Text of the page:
- Having been identified early on, the scale and nature of these problems are properly understood and a plan for offering help is developed through a process of high quality assessment, the foundation of which is a ‘common early help assessment’ for use by all professionals involved with children and young people with this level of need;
- Planning for action in partnership with children and families, having a clear understanding of the outcomes that we want to achieve; and
- Children, young people and families are then offered the help they need in the delivery of evidence-based programmes and interventions the result of which should be that they either overcome their difficulties or are offered and accept longer term support to help manage them.
Referrals/Requests for Support to Local Support Teams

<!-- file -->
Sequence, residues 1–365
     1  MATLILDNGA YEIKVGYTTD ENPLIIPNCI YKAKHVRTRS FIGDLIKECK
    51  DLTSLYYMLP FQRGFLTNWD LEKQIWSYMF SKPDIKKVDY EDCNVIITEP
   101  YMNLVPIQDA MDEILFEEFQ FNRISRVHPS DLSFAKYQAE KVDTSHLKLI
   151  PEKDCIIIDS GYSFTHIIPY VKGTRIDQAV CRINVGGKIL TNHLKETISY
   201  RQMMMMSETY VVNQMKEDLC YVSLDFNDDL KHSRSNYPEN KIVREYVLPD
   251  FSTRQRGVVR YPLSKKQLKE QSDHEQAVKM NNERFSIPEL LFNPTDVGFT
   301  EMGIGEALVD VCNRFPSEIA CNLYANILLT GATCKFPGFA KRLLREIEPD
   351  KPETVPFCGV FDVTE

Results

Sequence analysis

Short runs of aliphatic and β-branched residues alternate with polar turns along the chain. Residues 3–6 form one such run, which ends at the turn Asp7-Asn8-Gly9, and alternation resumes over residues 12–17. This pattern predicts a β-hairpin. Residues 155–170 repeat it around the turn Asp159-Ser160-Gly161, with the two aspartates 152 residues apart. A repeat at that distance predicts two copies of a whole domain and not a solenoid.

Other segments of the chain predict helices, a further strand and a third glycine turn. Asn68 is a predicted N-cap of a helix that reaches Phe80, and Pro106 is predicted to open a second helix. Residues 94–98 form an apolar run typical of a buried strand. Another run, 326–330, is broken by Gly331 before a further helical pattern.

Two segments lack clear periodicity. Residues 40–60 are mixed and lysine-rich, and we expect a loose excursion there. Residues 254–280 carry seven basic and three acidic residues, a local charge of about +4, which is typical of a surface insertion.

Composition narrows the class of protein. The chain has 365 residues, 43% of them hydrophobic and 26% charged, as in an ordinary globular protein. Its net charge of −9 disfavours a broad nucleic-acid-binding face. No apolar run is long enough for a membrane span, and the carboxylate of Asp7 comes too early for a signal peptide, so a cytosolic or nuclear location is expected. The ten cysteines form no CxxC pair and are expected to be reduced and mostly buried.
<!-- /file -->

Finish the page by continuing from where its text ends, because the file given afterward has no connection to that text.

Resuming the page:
Requests for support from the Local Support Team should be made via First Response or as part of step-down arrangements between Specialist Safeguarding Units and LSTs. Consent from the family should be obtained prior to a request for support been made. Referral guidance can be found in the link below
Requests to refer a family to a group work programme offered by the LST should also be made via First Response or directly from a social worker to the LST Coordinator currently engaged with a family. All families meeting the group work referral criteria will be considered. Partner agencies seeking a group work provision only for a family should consider if they should also be supporting the family by an early help assessment led by their own agency.
Local Support Teams will work closely with partners in the developing Place Based Locality arena to understand and respond to locality needs and to ensure effective step-down to ‘Earliest Help’ services at the close of a period of engagement when this is appropriate.
Local Support Teams will allocate work to Commissioned Providers at Tier 2 of the Threshold of Needs where BRFC criteria are also met